But ‘perfume’? It almost sounded like a dirty word in the context of a scuzzy cram school classroom – an outlier from another realm. Poncey, a bit gay. Glamorous. Inconceivable with my image. And in fact, when I took the issue of Vogue into school – because I just couldn’t resist it or stop myself I was so excited – the teacher oddball who sits next to me claimed that it could only be a case of a person with the same name; a doppelganger; surely it couldn’t be me, the man with the messiest desk in the whole company, in his tired, baggy suits (although I do have some great vintage Leonard Paris ties); until he saw the bio info about Kamakura and saw it was all true. The teachers were flabbergasted; it created quite a commotion, for a few minutes at least, even if, being so incongruous with the surroundings, I did feel that it pushed me even further into my own alien zone of the untouchable – both in the positive and negative connotation. I had not expected, though, that Mr G would then go and blurt out this information to the students in the corridor as they came into the school, making their way to the small room in which we were sitting. I felt slightly violated; as if some unassailable vow had been broken; that something was about to be let in.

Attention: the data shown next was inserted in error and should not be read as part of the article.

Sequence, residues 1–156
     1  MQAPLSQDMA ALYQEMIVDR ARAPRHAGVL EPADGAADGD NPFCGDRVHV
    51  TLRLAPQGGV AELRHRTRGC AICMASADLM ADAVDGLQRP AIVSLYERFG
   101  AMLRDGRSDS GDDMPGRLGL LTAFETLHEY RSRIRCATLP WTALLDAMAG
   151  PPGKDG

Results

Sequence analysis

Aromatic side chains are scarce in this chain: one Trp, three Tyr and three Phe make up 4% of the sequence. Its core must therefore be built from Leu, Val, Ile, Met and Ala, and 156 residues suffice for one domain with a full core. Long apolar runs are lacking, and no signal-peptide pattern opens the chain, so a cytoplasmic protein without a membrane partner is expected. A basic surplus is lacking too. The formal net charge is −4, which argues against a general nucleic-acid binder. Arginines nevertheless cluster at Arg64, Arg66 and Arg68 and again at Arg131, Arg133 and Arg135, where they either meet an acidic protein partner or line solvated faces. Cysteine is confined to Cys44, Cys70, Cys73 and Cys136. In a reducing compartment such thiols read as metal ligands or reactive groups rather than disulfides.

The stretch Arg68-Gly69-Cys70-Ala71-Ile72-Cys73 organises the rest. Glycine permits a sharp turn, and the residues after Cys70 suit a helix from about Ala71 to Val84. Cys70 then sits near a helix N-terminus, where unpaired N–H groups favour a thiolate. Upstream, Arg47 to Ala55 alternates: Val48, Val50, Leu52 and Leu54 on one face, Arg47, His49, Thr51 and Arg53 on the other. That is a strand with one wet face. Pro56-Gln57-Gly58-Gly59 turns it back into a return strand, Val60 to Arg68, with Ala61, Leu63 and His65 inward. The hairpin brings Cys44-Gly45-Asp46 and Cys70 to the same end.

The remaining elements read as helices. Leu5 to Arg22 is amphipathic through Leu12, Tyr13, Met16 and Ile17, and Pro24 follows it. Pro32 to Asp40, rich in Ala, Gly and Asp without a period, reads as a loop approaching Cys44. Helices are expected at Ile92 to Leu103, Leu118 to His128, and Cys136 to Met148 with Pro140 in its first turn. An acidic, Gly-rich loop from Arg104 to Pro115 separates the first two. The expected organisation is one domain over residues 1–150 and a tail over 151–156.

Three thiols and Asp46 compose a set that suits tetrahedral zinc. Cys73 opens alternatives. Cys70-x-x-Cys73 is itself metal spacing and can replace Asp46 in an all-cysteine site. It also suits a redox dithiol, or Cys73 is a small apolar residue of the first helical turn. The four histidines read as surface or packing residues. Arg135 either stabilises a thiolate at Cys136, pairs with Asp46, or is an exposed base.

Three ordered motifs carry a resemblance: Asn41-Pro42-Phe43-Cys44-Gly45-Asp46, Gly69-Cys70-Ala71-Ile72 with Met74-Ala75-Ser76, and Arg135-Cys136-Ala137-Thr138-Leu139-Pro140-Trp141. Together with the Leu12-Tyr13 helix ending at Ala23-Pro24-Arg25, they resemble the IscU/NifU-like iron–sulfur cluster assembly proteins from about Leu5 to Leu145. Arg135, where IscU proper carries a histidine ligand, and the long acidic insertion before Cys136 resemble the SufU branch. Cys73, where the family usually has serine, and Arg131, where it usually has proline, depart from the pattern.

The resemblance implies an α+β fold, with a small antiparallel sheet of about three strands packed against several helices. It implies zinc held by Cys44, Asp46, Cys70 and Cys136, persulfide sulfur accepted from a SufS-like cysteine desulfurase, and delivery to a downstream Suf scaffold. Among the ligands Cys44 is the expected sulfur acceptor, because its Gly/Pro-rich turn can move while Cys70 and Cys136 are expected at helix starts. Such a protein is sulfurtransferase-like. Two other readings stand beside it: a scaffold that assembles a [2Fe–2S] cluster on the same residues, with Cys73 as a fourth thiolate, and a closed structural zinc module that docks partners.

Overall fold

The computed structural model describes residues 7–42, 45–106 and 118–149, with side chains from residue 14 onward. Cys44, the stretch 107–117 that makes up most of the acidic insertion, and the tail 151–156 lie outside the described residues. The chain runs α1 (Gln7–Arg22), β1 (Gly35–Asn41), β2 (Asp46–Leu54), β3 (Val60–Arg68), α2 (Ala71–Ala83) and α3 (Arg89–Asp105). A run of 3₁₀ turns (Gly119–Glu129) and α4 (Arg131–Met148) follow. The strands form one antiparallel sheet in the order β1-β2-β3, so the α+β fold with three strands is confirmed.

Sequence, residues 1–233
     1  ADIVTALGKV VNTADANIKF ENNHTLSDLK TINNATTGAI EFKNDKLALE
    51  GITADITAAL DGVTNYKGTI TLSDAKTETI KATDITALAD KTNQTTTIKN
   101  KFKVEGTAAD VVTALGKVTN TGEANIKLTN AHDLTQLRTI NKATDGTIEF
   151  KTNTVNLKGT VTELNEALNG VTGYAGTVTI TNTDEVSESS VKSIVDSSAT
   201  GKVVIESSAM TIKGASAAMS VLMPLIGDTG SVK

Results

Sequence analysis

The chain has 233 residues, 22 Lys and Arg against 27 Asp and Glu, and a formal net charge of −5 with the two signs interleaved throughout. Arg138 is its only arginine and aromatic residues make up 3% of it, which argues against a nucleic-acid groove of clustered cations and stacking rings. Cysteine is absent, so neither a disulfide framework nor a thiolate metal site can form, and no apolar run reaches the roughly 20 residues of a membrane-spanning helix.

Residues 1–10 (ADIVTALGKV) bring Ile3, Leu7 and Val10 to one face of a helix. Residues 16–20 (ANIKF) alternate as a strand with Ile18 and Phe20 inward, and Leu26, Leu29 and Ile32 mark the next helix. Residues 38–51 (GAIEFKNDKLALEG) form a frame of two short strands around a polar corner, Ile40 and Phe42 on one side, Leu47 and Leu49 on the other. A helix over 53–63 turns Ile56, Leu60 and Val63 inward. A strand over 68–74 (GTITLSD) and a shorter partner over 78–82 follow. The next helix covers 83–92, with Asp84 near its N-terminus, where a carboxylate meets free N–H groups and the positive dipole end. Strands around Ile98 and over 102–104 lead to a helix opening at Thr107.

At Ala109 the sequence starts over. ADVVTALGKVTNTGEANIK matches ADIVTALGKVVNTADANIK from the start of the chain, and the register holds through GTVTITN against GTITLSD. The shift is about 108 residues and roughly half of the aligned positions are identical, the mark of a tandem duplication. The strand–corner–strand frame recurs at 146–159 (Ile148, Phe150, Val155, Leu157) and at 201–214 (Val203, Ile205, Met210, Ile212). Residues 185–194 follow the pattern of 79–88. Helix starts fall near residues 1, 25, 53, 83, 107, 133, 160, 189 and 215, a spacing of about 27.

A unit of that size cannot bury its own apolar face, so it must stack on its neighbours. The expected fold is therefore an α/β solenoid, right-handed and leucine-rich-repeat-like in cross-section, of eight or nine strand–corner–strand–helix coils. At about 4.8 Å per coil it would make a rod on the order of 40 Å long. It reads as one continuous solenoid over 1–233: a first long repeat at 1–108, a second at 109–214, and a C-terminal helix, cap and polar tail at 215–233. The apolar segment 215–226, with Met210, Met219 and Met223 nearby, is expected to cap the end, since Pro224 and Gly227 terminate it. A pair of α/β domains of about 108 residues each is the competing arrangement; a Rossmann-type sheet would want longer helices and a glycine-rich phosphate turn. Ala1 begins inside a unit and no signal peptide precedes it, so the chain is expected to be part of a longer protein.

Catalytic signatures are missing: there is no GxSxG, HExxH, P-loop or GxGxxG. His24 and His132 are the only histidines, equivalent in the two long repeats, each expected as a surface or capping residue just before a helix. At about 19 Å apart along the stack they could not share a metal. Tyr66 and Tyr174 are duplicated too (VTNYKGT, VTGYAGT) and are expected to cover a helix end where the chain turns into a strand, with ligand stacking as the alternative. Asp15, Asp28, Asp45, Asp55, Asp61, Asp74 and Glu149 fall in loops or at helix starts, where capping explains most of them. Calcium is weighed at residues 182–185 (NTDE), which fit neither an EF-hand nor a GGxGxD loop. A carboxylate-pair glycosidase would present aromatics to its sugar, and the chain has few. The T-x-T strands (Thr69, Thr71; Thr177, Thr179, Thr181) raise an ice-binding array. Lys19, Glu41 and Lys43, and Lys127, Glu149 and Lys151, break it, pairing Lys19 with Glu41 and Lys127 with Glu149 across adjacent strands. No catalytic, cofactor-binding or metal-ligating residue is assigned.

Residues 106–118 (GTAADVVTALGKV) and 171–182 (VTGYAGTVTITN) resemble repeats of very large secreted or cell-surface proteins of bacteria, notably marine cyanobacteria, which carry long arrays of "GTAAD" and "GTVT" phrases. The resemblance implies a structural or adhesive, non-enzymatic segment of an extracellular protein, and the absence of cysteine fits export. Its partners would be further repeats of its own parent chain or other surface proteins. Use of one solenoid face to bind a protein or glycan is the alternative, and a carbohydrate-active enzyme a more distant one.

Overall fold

Oh god, I thought. Here we go. The beginning of the end. What’s going to happen now. Though I can’t deny a part of me was also electrified. Ultimately, I like honesty, expression, real connection. And so thinking for a second, I then thought to myself, oh fuck it. The previous week’s lesson had been a misery. I had been too lazy to come up with something interesting, and so had instead just done a high level listening and speaking test from the TOEFL examination – internationally recognized, pedagogically useful (I always bear in mind that the parents are paying for these lessons – there has to be something educationally worthwhile in each one), but at the same time, with the students being of different ages – and it being Friday night; the atmosphere has yet to gel this term, it was a po-faced, tedious disaster; it is the rainy season; they are exhausted from their punishing schedules and just want to have some fun (sometimes I just can’t escape from myself when I am tired and have a million other things on my mind – to make a lesson work, you have to crack yourself open like a raw egg and flow into the air around you; fill the room with compassion, empathy and love like a guru to pierce the defence barriers and let the kids relax and interact freely with each other; you are the fluid; otherwise they are just tight, nervous containers with dour demeanours slumped sulkily on their desks itching to get back home and have a moment’s respite with a Friday night anime or TV drama or manga on the sofa.